implement CSI. This includes an agreement with the government of
Thailand, for the Port of Laem Chabang, which Secretary Ridge signed
with Thailand's Foreign Minister on June 10.
The top 20 ports are points of passage for approximately 68 percent of
cargo containers shipped to the United States. "CSI Phase II will
enable us to extend port security protection to more than 80
percent--casting the safety net of CSI far and wide," Commissioner
Bonner said.
CSI is the only formal program in operation today that is designed to
detect and deter terrorists from exploiting the vulnerabilities of
containerized cargo. CSI is also a reciprocal program. CBP offers
CSI-participating countries the opportunity to send their customs
officers to major U.S. ports to target cargo that is exported to their
country via ocean containers. CBP will also share its information and
pre-arrival data on a bilateral basis with its CSI partners. Sharing
of information is intended to be a reciprocal process.
Japan and Canada currently station customs personnel in U.S. ports as
part of the CSI program. Japanese customs personnel are stationed at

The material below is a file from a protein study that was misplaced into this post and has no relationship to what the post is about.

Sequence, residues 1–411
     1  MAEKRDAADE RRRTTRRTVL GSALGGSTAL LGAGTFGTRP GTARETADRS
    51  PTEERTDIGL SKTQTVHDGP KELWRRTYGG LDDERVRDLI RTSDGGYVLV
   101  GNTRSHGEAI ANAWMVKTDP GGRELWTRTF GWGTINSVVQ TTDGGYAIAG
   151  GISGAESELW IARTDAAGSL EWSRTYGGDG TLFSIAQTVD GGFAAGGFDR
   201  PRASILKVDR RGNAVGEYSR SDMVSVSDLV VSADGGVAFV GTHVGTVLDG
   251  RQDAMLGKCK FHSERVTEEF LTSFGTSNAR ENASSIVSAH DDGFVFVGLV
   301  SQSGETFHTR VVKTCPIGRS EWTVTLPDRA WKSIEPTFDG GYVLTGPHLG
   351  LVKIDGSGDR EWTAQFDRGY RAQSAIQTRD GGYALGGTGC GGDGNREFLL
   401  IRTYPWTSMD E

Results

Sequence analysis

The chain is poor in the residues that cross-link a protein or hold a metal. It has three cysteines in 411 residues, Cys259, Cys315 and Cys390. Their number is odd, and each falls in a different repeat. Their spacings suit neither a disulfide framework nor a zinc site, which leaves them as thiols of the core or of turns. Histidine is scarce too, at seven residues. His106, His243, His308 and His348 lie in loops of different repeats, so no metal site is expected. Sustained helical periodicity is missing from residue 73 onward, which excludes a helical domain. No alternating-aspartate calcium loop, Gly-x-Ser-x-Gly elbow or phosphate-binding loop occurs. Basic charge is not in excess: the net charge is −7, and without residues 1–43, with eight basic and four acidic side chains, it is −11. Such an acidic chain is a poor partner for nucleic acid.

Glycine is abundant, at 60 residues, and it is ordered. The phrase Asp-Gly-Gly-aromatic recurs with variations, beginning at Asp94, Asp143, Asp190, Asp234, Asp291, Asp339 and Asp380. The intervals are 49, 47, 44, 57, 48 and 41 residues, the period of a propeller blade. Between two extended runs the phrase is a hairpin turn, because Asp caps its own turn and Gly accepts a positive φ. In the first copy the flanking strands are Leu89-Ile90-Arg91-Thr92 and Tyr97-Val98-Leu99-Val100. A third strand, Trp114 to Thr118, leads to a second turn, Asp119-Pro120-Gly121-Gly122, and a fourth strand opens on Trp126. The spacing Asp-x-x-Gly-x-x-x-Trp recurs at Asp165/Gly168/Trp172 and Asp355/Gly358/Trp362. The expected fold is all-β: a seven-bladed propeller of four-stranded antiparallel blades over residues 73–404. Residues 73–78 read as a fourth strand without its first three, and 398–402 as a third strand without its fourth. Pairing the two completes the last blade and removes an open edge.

the port of Los Angeles/Long Beach. Canadian Customs personnel are
stationed at Newark and Seattle.
CSI consists of four core elements: (1) using intelligence and
automated information to identify and target high-risk containers; (2)
pre-screening those containers identified as high-risk, at the port of
departure, before they arrive at U.S. ports; (3) using detection
technology to quickly pre-screen high-risk containers; and (4) using
smarter, tamper-evident containers.
"The basic premise behind each of these elements is to extend our zone
of security outward, so that the American seaports and borders become
the last line of defense, not the first," Commissioner Bonner said.
The CSI initiative supports the "Cooperative G8 Action on Transport
Security" adopted by G8 in June 2002.
(end text)
(Distributed by the Bureau of International Information Programs, U.S.
Department of State. Web site: http://usinfo.state.gov)